Kyam Livingston begged for help. After seven hours of lying on the floor of a jail cell, the 38-year-old mother of two died, her calls unheeded by the correction officers providing security for the approximately 15 female inmates at Brooklyn "central booking" jail this past summer, according to witnesses and court documents.
Livingston was one of the few hundred jail deaths that happen across the country. In 2011, (the latest available numbers) 885 inmates died (pdf) in the custody of local jails, the Justice Department's Bureau of Justice Statistics reported. There is great hesitancy on the part of security to address sick complaints as seriously as they should be, writes The Crime Report's Managing Editor Cara Tabachnick in a column for The Guardian, especially in jail where the churn of people is endless, with most disappearing quickly. For those with health issues, this suspension of belief can prove fatal.
Violent crime reports increased last year in the U.S. 0.7 percent, the FBI said today. Property crime reports went down...
A new report from the Bureau of Justice Statistics finds about 8.6 million households experienced identity theft last year.
New York last week became the largest state to adopt a “Good Samaritan” law to fight overdose. It bars prosecution when someone calls for help to save the life of an overdose victim, reports Time. Overdose is responsible for some 28,000 annual deaths nationally. Most overdoses occur in the presence of other people and take several hours to cause death. But research finds that in up to half of cases, no one calls for help.
Friends or family often make the fatal mistake of letting overdosers “sleep it off.” Fear of prosecution is often cited by survivors. The New York law had broad bipartisan support. New Mexico, Washington and Connecticut has similar laws, and others are considering it, including California, Illinois and Nebraska.
The panel New York City Police Commissioner Raymond Kelly tapped to evaluate the integrity of his department’s crime-recording system will be visited today by criminologist Franklin Zimring of the University of California, Berkeley, says the New York Times. Zimring will talk about what a police official called “a pretty remarkable” analysis of the city’s historic crime decline. A draft of his finds will be published in Scientific American in the fall, with a book to follow.
In the book — working title: “The City That Became Safe: What New York Can Teach America About Crime Control” (Oxford University Press), Zimring relied on police statistics, and he had cooperation from the department’s hierarchy. He studied crime in three categories: homicides, robberies, and automobile thefts. In essence, Zimring says, “The crime trends you get off the official data are trustworthy in the three cases where we could check them,” he said. “What that does not mean is that the number of thefts the New York City Police Department reports is the number of thefts that citizens have experienced in the city. There is not a ‘CompStat-effect’ that makes the problem much worse than 1994.” He added: “The degree of underreporting, which I regard as a chronic condition in all police-generated data, is no greater now than it was 20 years ago, and probably, if you look at the robbery indicators, a little better now than it was then — and not measurably greater in this city than in other cities.”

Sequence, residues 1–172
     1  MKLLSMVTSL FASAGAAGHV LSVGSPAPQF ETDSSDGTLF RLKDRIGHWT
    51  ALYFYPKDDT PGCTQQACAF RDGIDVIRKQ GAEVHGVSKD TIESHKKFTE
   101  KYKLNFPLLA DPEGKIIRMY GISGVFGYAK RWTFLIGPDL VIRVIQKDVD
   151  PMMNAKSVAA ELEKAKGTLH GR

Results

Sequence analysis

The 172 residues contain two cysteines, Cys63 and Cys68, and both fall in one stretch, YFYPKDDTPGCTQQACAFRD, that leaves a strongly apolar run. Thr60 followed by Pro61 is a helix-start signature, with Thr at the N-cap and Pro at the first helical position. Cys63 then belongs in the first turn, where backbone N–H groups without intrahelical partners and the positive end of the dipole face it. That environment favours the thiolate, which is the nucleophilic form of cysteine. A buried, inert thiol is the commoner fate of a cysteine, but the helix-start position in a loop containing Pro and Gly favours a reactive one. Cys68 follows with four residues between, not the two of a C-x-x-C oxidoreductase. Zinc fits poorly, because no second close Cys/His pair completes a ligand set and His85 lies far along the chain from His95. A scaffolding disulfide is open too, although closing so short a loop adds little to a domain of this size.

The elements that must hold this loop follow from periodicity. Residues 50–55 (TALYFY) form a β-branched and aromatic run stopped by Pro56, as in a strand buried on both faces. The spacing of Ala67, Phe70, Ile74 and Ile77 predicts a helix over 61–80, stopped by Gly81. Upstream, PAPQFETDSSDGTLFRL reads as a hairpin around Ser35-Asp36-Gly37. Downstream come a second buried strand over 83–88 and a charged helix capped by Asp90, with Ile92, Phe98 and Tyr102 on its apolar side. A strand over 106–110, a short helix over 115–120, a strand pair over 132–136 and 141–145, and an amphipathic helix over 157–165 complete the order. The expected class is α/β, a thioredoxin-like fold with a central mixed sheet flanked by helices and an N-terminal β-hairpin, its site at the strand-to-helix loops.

California legislators trying to keep cellphones away from the state's most dangerous inmates say an obstacle is the politically powerful prison guards union, whose members would have to be paid millions of dollars extra to be searched on their way into work, reports the Los Angeles Times. Prison employees, roughly half of whom are unionized guards, are the main source of smuggled phones that inmates use to run drugs and other crimes, say legislative analysts. Unlike visitors, staff can enter without passing through metal detectors.
Unions cite a requirement that corrections officers be paid for "walk time" — the minutes it takes them to get from the front gate to their posts. Putting metal detectors along the route, with an airport-like regimen involving removal of steel-toed boots and equipment-laden belts, could double the walk time, adding several million dollars to officers' collective pay each year. Gov. Jerry Brown, whose campaign received generous financial support from the union and who made one of his few public appearances between the November election and his January inauguration at the union's annual convention in Las Vegas, would not say whether searches are under review. More than 10,000 cellphones made their way into California prisons last year — up from 1,400 in 2007. Two of those wound up in the hands of Charles Manson, serving a life sentence for ordering the ritualistic murders of actress Sharon Tate and six others in 1969.